“The Good Wife,” in four outstanding seasons, has taken the “Law & Order” ripped-from-the-headlines ethos to new levels while turning it on its head.
The courtroom drama aspect of the show borrows frequently from current events (a hazing death and a military rape were among recent subplots). And the premise – a wife sticking by her politician husband, at least publicly, after he’s undone by a prostitution scandal – certainly found roots in the sordid downfall of then-New York Gov. Eliot Spitzer in 2008, 18 months before the show’s debut.
But now, “The Good Wife” appears to be ahead of the headlines game. The CBS show, set for an explosive season finale Sunday, could be seen as an inspiration for – or at least a strangely coincidental presaging of – the possible return of another disgraced New York pol: former U.S. Rep. Anthony Weiner.
Even if he’s not a fan, Weiner might want to tune in with his own publicly loyal wife, Huma Abedin, for some pointers on comebacks – and perhaps a cautionary tale of ambition and betrayal testing the limits of love and forgiveness.
“The Good Wife” extended its streak this season as network television’s most adult drama – not only in pushing the bounds of steaminess, but in daring to treat its audience as intelligent humans.
Julianna Margulies’ Alicia Florrick character has grown, over some 90 episodes, from a wife-done-wrong to a battler who fought to regain her legal career to a participant in a steamy affair to a reborn, calculating political wife, with an agenda of protecting herself and her kids.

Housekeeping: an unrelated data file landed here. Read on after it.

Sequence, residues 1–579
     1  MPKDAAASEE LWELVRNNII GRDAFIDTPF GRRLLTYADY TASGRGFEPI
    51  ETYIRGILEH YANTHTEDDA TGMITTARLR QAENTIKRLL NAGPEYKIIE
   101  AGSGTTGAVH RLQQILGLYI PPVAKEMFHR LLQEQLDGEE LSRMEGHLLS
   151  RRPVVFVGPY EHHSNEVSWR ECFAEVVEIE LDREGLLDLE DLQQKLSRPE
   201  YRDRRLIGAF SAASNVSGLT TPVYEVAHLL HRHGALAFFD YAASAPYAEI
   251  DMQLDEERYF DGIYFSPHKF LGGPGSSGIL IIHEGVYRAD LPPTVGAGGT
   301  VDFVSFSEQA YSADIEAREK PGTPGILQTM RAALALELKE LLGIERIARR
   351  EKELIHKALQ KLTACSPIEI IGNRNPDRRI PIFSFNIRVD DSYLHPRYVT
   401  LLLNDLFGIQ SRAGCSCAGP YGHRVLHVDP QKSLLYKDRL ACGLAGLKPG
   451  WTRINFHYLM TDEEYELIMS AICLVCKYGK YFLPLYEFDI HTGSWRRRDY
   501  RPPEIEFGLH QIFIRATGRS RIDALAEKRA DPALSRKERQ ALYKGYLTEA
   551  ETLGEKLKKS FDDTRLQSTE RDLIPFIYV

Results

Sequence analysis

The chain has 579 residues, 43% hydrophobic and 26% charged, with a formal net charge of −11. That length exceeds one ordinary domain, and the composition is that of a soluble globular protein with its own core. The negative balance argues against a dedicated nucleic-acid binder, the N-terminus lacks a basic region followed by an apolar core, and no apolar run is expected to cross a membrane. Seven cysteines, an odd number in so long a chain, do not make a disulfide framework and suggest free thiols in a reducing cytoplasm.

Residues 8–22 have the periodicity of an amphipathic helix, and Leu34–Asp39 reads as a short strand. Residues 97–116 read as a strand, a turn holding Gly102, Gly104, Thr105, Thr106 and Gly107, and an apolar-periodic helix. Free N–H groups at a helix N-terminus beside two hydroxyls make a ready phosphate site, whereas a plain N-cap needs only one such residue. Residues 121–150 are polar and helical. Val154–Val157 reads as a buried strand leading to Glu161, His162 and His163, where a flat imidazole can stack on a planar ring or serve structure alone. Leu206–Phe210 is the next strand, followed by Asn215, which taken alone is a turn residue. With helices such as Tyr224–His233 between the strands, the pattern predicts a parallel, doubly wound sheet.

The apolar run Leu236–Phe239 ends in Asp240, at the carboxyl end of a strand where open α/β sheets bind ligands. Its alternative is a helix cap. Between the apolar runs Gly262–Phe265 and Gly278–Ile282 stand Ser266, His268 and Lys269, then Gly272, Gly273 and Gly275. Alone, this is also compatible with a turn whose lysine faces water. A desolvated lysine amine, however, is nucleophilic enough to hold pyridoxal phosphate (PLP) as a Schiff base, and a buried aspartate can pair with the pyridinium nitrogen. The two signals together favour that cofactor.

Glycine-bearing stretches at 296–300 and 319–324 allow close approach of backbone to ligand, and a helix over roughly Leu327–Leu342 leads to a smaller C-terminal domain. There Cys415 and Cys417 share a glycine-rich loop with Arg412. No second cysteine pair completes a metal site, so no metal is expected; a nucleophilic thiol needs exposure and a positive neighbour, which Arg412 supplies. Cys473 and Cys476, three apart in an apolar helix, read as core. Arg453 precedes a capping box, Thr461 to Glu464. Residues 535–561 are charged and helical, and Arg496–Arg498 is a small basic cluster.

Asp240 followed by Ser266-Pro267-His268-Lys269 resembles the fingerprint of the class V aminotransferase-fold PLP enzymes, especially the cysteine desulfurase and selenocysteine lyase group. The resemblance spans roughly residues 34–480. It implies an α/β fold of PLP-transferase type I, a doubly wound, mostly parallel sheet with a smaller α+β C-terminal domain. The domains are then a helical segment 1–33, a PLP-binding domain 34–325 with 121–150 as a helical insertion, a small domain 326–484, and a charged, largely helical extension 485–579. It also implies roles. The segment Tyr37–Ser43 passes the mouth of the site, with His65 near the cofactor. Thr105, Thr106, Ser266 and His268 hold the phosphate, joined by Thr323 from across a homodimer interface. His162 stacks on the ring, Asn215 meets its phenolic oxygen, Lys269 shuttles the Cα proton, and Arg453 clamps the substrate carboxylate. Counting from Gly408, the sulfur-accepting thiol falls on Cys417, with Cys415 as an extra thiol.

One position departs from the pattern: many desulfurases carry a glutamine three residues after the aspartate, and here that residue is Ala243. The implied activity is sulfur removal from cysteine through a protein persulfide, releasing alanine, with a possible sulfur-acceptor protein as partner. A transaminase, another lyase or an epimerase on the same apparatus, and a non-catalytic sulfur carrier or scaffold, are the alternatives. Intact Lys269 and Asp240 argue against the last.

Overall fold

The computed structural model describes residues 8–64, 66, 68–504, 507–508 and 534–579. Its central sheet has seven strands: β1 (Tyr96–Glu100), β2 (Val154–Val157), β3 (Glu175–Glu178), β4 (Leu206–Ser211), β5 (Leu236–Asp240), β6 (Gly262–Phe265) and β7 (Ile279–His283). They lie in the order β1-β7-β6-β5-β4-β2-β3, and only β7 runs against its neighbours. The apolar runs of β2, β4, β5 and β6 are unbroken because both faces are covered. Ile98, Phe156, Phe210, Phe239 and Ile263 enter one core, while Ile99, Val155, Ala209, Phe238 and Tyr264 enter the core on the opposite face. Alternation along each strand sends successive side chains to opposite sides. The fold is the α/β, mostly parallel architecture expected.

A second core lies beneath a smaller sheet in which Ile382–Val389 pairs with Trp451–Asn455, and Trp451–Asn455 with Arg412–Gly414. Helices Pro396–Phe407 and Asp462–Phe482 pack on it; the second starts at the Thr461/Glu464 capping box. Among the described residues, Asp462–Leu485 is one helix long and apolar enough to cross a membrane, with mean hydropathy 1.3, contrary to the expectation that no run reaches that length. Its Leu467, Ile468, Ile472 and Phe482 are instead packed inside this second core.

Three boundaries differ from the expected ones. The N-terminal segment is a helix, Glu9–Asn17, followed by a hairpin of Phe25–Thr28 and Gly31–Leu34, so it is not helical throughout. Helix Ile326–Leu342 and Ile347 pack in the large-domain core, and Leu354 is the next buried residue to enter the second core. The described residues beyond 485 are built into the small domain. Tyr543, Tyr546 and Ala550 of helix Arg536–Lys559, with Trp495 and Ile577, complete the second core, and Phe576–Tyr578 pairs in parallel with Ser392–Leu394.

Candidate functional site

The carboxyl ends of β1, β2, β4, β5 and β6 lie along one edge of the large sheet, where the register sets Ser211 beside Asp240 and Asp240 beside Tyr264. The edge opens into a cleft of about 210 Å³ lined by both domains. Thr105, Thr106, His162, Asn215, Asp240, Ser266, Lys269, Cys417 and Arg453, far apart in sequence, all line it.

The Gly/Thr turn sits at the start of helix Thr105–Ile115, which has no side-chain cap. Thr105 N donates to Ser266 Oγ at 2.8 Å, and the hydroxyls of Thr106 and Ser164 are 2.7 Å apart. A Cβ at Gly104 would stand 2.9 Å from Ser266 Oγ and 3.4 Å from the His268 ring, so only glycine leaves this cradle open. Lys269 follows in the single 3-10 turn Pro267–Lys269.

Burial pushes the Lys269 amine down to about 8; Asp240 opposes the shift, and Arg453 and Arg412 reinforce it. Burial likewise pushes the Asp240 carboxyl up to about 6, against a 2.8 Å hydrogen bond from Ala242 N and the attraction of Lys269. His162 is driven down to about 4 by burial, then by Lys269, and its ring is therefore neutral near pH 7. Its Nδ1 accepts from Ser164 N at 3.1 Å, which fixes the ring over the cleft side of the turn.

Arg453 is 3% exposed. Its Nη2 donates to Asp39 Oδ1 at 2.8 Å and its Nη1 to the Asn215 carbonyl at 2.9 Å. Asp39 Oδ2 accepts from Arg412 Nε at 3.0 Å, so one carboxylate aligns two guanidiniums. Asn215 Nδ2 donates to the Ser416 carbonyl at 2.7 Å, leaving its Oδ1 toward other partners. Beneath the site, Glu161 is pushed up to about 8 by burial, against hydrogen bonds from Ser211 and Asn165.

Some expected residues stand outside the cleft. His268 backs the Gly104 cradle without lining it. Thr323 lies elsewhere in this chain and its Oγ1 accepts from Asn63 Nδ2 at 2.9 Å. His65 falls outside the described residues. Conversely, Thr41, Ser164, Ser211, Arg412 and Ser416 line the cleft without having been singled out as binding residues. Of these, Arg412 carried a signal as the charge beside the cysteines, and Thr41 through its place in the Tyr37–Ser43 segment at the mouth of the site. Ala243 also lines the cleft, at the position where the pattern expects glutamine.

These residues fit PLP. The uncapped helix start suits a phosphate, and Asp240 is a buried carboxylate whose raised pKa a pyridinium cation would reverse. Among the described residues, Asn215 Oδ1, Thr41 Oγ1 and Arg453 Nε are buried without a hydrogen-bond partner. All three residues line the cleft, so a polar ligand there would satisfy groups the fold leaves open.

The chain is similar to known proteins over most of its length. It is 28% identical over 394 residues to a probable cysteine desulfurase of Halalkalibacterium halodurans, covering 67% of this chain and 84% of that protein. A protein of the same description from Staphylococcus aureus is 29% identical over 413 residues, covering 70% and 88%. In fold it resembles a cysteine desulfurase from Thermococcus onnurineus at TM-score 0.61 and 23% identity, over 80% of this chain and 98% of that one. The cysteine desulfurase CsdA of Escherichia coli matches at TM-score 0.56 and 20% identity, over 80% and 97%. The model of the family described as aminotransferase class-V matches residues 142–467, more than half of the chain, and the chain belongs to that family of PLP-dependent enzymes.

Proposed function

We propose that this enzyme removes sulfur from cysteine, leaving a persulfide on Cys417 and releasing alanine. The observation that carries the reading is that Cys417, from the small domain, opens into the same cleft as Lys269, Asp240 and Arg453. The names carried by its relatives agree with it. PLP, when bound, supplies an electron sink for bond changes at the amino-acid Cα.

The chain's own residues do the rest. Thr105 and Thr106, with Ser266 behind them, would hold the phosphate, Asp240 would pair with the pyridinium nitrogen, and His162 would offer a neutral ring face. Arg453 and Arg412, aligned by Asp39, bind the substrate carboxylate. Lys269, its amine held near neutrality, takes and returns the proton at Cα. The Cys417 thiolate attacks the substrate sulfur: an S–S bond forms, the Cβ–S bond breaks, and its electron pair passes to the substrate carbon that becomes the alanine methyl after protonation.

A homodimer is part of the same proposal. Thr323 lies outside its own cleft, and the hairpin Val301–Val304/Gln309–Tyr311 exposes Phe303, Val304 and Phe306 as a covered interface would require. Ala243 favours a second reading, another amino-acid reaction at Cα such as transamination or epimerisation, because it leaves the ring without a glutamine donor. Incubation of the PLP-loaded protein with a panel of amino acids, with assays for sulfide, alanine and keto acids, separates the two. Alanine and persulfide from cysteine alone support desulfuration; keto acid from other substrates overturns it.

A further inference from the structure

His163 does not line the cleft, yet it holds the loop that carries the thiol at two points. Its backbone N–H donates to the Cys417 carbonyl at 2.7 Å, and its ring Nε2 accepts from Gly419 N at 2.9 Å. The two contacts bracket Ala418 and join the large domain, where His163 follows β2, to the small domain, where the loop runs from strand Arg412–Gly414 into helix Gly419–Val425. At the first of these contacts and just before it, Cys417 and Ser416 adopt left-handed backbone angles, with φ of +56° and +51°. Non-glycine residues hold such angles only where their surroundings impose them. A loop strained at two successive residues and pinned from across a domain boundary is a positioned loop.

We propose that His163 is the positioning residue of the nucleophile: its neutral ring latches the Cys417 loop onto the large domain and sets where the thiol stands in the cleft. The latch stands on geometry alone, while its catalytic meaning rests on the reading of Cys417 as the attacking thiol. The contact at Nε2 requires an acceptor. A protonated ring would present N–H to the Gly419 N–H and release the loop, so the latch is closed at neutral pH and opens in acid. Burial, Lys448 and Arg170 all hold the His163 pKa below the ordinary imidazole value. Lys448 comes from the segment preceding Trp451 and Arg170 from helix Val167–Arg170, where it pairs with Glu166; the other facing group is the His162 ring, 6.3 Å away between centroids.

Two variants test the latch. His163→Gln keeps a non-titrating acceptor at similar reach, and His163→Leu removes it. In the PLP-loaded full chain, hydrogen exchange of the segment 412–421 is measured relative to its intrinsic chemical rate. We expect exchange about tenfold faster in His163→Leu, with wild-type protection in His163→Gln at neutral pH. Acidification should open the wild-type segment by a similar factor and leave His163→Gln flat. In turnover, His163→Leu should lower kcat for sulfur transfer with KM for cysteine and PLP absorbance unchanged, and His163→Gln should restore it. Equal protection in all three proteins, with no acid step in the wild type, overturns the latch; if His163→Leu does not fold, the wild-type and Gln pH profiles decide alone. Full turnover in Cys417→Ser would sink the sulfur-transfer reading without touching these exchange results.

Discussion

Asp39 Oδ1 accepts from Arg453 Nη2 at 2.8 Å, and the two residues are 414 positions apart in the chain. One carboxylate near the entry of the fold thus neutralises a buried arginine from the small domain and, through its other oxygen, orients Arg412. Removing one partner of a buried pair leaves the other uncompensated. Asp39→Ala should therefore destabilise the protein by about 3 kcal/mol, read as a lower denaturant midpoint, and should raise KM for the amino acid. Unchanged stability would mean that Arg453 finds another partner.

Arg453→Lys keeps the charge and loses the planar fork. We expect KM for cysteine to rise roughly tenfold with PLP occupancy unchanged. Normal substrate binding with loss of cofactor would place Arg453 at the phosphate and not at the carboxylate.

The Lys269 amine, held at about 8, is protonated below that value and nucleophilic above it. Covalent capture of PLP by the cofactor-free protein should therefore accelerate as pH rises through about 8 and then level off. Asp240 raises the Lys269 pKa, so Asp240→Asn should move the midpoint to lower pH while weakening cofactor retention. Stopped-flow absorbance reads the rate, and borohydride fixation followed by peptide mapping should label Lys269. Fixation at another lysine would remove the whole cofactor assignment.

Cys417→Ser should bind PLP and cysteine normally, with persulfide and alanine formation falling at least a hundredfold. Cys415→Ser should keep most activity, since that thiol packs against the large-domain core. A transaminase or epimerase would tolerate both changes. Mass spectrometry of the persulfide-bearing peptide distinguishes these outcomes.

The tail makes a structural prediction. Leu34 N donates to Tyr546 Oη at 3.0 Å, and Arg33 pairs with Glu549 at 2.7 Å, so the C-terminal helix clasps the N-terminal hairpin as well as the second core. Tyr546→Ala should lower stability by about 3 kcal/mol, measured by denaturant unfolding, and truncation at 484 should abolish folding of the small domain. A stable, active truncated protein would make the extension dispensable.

In the latest episode, Alicia shed the last of her goodie-goodie veneer to slam her husband’s gubernatorial rival on television as an alcoholic. With her husband, Peter, rising from convict to district attorney to the likely next governor of Illinois, she’s gone from powerless victim to holding all the cards. He can’t do it without her.
But even as she promises to finally renew her marital vows with an apparently reformed Peter as Election Day looms, she finds herself inextricably drawn to Will Gardner, her partner in law and lust.
If anyone thought their relationship would simply fade away when the curtain fell on Season 3, that’s not “The Good Wife – and not real life, where yearnings linger, along with resentments.
The most compelling moments of “The Good Wife” take place not in the courtroom or the bedroom, but internally, as best conveyed by Margulies, who boasts television’s most expressive face. The theme of forgiveness, public and otherwise, consistently plays out in new forms, week to week.
It’s difficult not to think of Alicia’s recent interview with Charlie Rose, playing himself on the “The Good Wife,” when considering Weiner and Abedin’s public return in The New York Times Magazine this month, nearly two years after he tweeted himself into infamy.
Alicia told Rose the press is overly “interested in Peter’s failings as a family man.” Abedin told The Times: “I did spend a lot of time saying and thinking: ‘I. Don’t. Understand.’ And it took a long time to be able to sit on a couch next to Anthony and say, ‘O.K., I understand and I forgive.’ It was the right choice for me. I didn’t make it lightly.”
She presumably had some heart-to-heart chats with her boss, Hillary Clinton, the ultimate political “Good Wife,” whose own ambitions could help extend her streak of making history.
It’s unknown whether Abedin and Weiner will be watching “The Good Wife” as his possible mayoral run generates new headlines. But we wouldn’t miss the show. In the meantime, check out a preview of Sunday’s “Good Wife” season finale below:
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